Parliamentarians in the European Union (EU) are making headway in the development of regulations on two important topics: “digital euro” and artificial intelligence (AI). Recent reports indicate that this issue is being actively addressed to ensure a balanced and safe approach.
According to a June 14 report by Bloomberg, the European Commission has released a draft proposal that highlights potential requirements for the European Central Bank (ECB) regarding the use of the digital euro in relation to financial stability. The proposal suggests limiting its use while still allowing risk-free transactions to proceed freely. These limits will apply across the eurozone, ensuring consistent guidelines.
The draft text also states that accepting digital euros will become mandatory and be considered legal tender. However, under certain circumstances, parties may be able to reject the asset. This provision addresses any potential concerns or special circumstances that may arise.
The introduction of digital currencies, including the digital euro and other central bank digital currencies (CBDC), has sparked controversy within the crypto community because of their implications for government control. The degree of control these currencies provide has been debated and researched.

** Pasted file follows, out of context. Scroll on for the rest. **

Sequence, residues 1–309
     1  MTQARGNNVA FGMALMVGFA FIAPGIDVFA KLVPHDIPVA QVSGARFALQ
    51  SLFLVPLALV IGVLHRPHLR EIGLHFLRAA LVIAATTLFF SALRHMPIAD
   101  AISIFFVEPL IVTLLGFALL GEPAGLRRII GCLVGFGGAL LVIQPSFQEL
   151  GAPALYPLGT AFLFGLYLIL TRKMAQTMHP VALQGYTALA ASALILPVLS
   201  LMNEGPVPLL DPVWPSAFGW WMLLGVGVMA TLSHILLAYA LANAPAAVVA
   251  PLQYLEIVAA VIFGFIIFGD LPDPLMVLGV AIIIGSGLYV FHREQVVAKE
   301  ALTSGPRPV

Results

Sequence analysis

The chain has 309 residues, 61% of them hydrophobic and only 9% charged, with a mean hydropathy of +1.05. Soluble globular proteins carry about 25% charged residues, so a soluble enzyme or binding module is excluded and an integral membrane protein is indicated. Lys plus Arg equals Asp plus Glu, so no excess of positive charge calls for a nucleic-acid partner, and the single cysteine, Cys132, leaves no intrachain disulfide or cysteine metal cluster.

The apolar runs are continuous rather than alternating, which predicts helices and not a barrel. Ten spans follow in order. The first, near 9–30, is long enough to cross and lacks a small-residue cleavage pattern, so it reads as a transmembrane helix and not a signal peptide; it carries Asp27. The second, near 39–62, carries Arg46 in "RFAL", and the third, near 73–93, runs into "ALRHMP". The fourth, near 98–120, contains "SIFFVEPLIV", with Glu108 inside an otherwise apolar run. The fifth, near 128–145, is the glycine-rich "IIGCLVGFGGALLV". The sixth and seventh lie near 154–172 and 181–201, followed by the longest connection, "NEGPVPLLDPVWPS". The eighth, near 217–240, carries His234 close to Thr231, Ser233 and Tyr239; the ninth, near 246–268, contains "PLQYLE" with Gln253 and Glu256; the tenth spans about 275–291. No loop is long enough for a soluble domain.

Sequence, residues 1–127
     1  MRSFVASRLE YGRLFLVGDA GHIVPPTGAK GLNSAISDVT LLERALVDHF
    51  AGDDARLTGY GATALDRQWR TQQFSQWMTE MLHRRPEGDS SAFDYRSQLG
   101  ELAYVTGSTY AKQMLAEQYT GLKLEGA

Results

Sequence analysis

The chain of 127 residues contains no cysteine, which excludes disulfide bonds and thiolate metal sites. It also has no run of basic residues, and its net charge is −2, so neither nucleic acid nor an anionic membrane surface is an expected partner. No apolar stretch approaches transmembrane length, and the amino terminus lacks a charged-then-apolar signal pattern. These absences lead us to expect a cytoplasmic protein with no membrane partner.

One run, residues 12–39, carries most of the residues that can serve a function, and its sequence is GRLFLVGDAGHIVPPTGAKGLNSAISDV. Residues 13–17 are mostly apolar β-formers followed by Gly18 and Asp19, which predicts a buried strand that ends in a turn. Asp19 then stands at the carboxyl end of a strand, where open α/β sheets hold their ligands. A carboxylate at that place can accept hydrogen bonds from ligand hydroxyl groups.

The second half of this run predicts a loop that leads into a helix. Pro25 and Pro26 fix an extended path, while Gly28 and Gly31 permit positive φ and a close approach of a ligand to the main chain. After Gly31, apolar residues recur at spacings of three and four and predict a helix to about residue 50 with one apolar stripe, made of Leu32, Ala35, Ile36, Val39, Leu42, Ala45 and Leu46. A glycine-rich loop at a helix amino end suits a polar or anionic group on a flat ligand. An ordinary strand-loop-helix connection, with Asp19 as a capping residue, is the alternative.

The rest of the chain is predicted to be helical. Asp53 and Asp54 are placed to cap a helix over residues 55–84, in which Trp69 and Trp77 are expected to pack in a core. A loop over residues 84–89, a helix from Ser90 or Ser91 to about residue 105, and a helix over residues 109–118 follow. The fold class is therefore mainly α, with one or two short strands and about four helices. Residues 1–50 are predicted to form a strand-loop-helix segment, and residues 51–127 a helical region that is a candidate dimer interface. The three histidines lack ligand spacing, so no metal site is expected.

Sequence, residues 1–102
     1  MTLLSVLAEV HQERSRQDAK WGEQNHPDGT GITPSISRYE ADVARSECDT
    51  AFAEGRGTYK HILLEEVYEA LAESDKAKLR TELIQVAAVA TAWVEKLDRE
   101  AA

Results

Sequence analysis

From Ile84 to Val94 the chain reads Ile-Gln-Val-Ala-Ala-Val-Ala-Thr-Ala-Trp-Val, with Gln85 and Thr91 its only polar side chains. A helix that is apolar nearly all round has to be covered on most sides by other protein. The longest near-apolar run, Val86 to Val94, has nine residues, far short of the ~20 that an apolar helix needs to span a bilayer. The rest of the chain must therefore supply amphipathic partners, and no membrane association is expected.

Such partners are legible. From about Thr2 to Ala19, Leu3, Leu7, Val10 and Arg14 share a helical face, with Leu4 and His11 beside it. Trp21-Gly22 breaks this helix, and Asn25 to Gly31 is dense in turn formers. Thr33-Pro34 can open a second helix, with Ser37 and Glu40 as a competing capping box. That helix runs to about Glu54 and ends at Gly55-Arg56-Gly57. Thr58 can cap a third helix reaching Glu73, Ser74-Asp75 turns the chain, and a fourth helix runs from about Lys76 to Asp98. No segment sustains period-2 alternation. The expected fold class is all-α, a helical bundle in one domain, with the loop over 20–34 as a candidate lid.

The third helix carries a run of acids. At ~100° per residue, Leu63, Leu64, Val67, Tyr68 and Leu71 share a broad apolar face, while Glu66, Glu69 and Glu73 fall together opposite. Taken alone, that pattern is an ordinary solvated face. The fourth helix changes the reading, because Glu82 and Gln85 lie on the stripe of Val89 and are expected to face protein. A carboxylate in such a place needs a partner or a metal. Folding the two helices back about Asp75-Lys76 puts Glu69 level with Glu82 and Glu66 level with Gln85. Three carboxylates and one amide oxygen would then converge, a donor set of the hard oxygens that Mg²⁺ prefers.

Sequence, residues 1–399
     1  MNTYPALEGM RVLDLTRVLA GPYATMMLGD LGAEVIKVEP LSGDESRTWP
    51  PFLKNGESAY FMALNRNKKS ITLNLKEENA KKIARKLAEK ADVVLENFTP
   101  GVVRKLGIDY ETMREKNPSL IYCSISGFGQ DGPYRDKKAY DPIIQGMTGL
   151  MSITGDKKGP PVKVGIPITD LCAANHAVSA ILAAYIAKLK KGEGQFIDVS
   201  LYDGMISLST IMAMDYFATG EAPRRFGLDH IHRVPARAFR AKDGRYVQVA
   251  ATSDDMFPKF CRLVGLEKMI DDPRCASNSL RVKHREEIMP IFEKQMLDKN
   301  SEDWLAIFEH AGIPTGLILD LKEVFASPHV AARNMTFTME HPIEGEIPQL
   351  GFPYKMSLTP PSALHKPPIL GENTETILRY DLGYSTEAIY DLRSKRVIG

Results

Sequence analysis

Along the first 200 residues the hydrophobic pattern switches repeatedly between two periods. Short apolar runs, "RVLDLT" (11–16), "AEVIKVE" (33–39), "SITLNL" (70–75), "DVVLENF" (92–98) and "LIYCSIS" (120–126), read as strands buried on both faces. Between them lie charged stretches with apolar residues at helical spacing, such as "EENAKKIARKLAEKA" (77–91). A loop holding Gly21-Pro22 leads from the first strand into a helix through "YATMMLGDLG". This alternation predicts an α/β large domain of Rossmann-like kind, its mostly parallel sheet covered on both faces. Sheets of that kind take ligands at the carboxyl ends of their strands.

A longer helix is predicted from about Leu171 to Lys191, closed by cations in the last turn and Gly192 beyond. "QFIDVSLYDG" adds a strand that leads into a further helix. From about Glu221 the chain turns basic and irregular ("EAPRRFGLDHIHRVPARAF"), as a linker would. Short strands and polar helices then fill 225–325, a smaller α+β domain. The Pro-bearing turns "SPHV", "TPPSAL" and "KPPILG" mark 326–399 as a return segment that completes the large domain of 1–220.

It is important to note that the draft proposal is subject to potential changes before the presentation scheduled for June 28. Recent reports also show that EU policymakers are divided on the need for a digital euro, indicating ongoing discussions.
In a separate development, the European Parliament made an unrelated announcement on 14 June about advancing the Artificial Intelligence (AI) Act to the next phase. The law received significant support, with 499 votes in favour, 28 against and 93 abstentions. This move signifies the adoption of a negotiating position rather than the direct enactment of legislation.
If the Artificial Intelligence Act does end up becoming law, it will impose restrictions on certain AI applications. In particular, discriminatory uses of AI, such as certain predictive policies and biometric applications, will be explicitly prohibited. Additionally, AI systems with potential impacts on health, safety, the environment, voting, or social media recommendations will be labeled as “high risk”.
In addition, the Act will introduce a requirement for base model providers to assess product risk and register before entering the EU market. Providers of generative AI models need to provide a summary of copyrighted training datasets and implement measures to prevent illegal content creation.
This development reflects the EU’s commitment to addressing new technologies and ensuring a responsible and orderly approach to the digital euro and artificial intelligence. As discussions continue and potential changes are considered, it remains to be seen how these regulations will shape the future of the EU’s digital landscape.